Tracheostomy Removal

October 7, 2020
Janelle Thomas MSN, RN
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Finding out that your child needs a tracheostomy comes with many worries — what can you expect during surgery, how do you change the ties, clean it, and learn about feeding methods? But, as time goes along, it starts to become second nature. You’ve learned how to do it all with the utmost care, and your child has benefited from it. Eventually, it may be time to remove it, and you are left with a long list of questions running through your mind again. What will the effects be on your child’s speech? How will you go about feedings? And, could there be any complications?

When to Remove a Tracheostomy Tube

A tracheostomy is an artificial air passage that’s installed on a person’s neck to provide easier breathing. It links directly to the windpipe, allowing for better air access to the lungs. The reasons for installing a tracheostomy could range from a medical condition — such as congenital abnormalities, vocal cord paralysis, or infections — as well as severe trauma to the neck and chest area. However, in some individuals, the breathing device may only be needed temporarily. Once the person’s health has improved, the doctor may order its removal. This process is called decannulation. In order to proceed with the procedure, the patient must meet several requirements:

  • Not dependent on a ventilator
  • Alert and responsive
  • Does not require frequent suctioning — often about once a day
  • Should be able to cough and clean their own tracheal secretions

What to Expect from a Procedure to Remove a Tracheostomy

When a child is ready to undergo decannulation, they will have to stay at a hospital for several days for medical providers to monitor their heart rate and oxygen levels while the tube is capped while the child sleeps. If there are no issues, the tube will be removed the next day by an ear, nose, and throat specialist (ENT). The patient will receive anesthesia and lay flat on the hospital bed. The doctor will remove the tube, assessing if the patient shows any signs of breathing difficulties.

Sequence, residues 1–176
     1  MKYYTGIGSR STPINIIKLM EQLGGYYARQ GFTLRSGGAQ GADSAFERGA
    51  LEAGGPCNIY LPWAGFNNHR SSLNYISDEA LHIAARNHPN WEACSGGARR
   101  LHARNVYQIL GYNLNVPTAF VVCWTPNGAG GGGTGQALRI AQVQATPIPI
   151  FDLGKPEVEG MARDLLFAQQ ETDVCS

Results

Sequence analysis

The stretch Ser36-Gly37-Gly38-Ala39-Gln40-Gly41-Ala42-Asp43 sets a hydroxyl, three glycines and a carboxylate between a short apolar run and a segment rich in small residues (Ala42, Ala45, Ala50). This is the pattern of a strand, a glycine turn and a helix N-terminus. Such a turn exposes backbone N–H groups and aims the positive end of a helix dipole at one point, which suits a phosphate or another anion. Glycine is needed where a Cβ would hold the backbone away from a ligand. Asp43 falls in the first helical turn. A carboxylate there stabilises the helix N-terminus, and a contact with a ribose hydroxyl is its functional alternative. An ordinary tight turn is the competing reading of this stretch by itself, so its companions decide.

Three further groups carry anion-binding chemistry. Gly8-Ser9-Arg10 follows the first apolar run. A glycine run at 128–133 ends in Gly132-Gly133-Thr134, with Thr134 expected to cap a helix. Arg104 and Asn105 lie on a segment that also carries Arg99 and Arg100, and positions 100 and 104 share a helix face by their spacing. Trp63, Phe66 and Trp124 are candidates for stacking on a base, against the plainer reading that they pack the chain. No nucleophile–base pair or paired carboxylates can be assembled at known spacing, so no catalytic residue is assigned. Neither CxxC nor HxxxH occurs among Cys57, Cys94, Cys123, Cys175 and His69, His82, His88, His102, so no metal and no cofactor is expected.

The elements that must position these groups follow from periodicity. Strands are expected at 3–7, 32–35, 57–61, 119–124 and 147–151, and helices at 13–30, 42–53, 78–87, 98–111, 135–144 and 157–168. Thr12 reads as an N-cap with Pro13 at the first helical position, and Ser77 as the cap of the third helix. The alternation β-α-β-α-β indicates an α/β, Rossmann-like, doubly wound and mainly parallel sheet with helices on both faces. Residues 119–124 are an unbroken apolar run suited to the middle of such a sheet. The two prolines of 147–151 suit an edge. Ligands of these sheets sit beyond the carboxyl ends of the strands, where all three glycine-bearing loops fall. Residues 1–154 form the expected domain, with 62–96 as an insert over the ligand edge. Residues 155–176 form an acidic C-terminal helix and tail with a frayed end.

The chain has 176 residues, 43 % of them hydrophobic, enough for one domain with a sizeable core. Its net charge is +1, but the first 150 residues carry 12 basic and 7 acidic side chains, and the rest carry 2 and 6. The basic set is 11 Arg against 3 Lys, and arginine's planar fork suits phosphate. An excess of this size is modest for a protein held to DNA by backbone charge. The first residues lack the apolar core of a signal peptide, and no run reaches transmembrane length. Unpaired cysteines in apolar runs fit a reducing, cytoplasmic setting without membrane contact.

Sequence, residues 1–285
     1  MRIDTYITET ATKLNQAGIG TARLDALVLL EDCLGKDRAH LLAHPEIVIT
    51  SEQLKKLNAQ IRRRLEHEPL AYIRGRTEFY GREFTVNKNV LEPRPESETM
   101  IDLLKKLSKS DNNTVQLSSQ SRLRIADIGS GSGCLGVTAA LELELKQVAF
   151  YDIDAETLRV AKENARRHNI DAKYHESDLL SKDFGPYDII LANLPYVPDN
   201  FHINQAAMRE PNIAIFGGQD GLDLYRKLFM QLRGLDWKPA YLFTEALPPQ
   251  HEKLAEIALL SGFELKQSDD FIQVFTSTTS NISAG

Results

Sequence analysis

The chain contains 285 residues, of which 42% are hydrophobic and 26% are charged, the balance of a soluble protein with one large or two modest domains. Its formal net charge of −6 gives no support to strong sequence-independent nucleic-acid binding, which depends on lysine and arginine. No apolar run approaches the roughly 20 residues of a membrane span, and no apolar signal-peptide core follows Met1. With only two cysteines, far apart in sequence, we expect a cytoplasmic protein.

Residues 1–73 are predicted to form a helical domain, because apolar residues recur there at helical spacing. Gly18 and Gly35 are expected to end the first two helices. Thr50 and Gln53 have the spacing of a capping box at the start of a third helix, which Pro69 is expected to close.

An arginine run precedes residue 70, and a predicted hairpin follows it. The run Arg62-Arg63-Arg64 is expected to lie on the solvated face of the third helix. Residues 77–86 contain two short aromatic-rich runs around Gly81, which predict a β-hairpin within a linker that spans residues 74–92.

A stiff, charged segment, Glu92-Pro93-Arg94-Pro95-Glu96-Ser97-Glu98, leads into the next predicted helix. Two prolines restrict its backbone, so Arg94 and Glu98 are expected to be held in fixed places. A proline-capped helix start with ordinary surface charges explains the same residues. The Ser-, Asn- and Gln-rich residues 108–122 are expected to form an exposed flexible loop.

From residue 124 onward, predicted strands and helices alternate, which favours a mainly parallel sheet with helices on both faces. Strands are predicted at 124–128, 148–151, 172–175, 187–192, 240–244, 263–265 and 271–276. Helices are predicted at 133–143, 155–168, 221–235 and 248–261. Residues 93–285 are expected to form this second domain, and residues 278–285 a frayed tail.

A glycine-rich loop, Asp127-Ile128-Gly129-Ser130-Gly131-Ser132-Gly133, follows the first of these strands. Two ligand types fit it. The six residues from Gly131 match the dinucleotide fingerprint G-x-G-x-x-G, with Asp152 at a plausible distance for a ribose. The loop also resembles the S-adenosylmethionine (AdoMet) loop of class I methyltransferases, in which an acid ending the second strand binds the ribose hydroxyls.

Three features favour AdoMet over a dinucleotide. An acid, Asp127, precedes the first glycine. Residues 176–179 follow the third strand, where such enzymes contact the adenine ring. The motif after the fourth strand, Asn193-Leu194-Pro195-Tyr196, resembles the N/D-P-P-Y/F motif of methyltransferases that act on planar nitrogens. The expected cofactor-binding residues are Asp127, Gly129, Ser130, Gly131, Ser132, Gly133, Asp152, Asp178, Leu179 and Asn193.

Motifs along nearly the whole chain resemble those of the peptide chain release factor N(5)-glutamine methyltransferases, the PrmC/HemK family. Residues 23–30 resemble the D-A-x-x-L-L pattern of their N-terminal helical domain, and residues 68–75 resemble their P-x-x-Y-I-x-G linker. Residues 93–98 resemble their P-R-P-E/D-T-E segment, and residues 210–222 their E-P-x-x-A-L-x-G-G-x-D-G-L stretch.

If everything seems fine, the doctor will then cover the opening on the neck with a sterile gauze and tape. The child will then be placed under observation between 24 and 48 hours to continue monitoring their breathing while awake and asleep. If the patient needs to cough or speak, they should cover the gauze bandage with a fingertip to prevent air leaks.

Prior to leaving the hospital, the child’s speech will be assessed. If they have any difficulties speaking, the ENT may recommend speech and language therapy.

It’s important to note and inform the patient that it is normal to experience shortness of breath for the first few minutes following decannulation. However, if they can hear a wheezing sound or experience pain, the doctor should be notified immediately.

Can you eat after a tracheostomy removal?

Yes, your child will be able to eat after a tracheostomy. However, their neck may feel sore for a couple of days, and it may feel difficult to swallow at first. The pediatric ENT will provide instructions on how to make eating as comfortable as possible.

Healing Time After Tracheostomy Removal

The bandage will remain in place while the opening is fully healed — which could take up to two weeks. The doctor will provide instructions on how to clean the wound and how often to do so. Once the opening is healed, there will be a small scar.

The child will also be instructed to avoid placing their neck underwater while taking baths and swimming, to prevent water from entering the opening and into the airways. In addition, the patient will continue to be monitored during follow-up visits for up to six weeks after decannulation.

Complications After Tracheostomy Removal

Although rare, complications from decannulation are possible. These include:

Tracheal Stenosis

This is a narrowing of the windpipe. Symptoms of this complication include labored breathing, a high-pitched sound when breathing, a bluish color of the skin around the mouth and nose, and coughing. The condition is treated by widening the trachea with a stent or balloon — and in some instances, the patient may need surgery.

Delayed Closure of the Wound

When following the doctor’s instructions on wound cleaning and changing the gauze, monitor the size of the tracheal opening. If you don’t see it getting smaller — or if it’s not fully healed within two weeks — your child may need stitches. Let the ENT know about your concerns and discuss your options.

If you notice signs of complications from a tracheostomy removal, seek emergency medical care immediately. Other common indications include:

  • Pain around the tracheostomy area
  • Difficulties swallowing
  • Vomiting after eating or drinking
  • A hoarse voice

Contact Care Options for Kids for Home Health Care

It can be hard to balance your time between work, home, and caring for a child. That’s why our team of skilled professionals at Care Options for Kids is here to help.

Our home health care services offer support in the comfort of your home. We refer loving and competent nurses to provide customized care for families — from a few hours a day to around-the-clock supervision. Contact us directly to speak with a home health care professional or request a free in-home assessment. Together we can determine the best plan of action to keep your loved ones happy and healthy.

If you or a loved one are considering Pediatric Home Health Care Services, contact the caring staff at Care Options for Kids. Call today at (888) 592-5855.